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Nov 2013
15
November 15, 2013

Estate Planning Tip: Trust Decanting – A Powerful New Tool for Medicaid Planning


Bills passed by the Michigan legislature and signed by the Governor in December, 2012 expressly allow a trustee to “decant” assets from a trust.  What is decanting?  The term itself is borrowed from the world of wine and spirits and refers to the pouring of spirits from one vessel to another.  In the world of trusts, it has to do with a trustee exercising a power to distribute assets to or for the benefit of a beneficiary by transferring assets from an existing trust into a second trust.  The second trust has to be for the benefit of the same beneficiaries but in some circumstances can postpone or suspend the period for vesting of an interest in the trust.  This can allow the trustee to delay the time or change the standard under which a beneficiary will receive trust assets.

This power can be very important for a number of tax planning and asset protection reasons.  A recent New York case demonstrates that it can be very useful for Medicaid planning reasons.  In In re Kroll, a trustee of a trust that was established for the beneficiary when he was 19 months old petitioned the court (under a statute similar to the Michigan statute) for approval of its actions in decanting trust assets to a second trust just prior to the beneficiary’s 21st birthday.  Under the terms of the first trust, the beneficiary had the right to withdraw all assets upon attaining age 21.  The trust had assets valued at approximately $400,000.  The beneficiary suffered from several disabilities and received Medicaid and SSI.  Distribution of the trust assets to him would have rendered him ineligible for these benefits until the assets were spent down.  The New York Attorney General objected to the petition and argued that the second trust had to be considered a self-settled trust and that the assets would be countable to the beneficiary for Medicaid purposes unless it had a Medicaid payback provision.  The court held that the decanting was proper and had occurred prior to the beneficiary’s 21st birthday.  Therefore, the second trust maintained its status as a third party trust and the beneficiary could maintain his eligibility for government benefits while using the trust assets for his supplemental needs.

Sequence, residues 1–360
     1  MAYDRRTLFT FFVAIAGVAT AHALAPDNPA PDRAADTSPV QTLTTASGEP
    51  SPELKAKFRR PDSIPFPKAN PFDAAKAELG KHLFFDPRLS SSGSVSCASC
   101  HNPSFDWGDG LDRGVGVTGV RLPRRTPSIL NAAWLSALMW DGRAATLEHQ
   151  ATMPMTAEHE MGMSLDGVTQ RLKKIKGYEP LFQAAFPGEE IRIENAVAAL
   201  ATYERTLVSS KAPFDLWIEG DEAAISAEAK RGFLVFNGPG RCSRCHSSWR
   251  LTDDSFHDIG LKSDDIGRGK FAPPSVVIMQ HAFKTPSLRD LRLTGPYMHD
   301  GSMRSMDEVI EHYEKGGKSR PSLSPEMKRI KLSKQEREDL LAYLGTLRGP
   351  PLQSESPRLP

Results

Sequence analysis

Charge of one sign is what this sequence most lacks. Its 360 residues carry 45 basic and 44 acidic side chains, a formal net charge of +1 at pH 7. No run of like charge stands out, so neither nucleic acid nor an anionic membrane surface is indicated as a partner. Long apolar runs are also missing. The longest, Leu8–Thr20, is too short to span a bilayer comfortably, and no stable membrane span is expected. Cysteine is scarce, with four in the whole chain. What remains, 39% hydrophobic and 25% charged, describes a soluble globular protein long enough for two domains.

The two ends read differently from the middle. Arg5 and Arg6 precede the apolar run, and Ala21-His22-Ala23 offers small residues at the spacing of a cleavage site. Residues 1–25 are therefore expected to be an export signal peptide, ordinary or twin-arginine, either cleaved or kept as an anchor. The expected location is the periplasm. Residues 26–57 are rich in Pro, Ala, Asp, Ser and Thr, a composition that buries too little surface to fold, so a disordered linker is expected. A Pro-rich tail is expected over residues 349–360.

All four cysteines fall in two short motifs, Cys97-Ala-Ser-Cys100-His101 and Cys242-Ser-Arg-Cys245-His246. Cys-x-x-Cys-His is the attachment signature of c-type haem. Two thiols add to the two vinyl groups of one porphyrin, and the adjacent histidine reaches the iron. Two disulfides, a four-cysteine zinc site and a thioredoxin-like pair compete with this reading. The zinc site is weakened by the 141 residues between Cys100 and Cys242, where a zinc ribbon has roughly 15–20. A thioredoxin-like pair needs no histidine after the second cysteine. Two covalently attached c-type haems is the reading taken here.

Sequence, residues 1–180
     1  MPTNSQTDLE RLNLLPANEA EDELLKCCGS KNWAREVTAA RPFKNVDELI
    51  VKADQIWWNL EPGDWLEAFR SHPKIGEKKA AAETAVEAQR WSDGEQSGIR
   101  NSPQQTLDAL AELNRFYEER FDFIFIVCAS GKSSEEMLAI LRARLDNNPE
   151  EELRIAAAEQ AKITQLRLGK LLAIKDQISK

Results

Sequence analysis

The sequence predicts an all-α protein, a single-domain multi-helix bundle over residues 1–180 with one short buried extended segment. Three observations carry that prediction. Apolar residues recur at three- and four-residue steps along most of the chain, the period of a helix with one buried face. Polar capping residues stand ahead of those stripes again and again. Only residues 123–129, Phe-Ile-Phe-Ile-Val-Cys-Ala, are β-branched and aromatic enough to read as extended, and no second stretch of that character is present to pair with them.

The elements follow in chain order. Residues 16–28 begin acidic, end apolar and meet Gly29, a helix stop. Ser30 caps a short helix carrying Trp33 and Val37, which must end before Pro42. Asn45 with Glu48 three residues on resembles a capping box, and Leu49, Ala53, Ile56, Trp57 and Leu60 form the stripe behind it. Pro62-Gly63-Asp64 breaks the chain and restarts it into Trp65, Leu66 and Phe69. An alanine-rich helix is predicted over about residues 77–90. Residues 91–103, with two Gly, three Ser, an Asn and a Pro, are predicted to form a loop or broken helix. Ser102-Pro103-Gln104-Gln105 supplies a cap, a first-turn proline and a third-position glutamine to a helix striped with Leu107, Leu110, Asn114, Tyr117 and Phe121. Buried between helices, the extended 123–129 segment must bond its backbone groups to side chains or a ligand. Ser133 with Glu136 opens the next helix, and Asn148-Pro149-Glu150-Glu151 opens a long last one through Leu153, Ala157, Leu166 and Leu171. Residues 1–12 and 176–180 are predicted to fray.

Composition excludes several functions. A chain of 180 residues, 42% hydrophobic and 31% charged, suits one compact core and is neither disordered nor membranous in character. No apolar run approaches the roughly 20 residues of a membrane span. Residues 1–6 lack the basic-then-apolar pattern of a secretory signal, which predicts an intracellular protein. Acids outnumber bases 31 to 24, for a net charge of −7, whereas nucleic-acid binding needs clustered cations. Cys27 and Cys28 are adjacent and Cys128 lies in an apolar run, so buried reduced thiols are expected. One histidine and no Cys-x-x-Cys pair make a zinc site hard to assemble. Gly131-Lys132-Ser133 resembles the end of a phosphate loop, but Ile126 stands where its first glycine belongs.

Decanting in this case saved the client $400,000 and demonstrates that it can be a powerful tool to rearrange existing trust arrangements that no longer meet a beneficiary’s needs.

 

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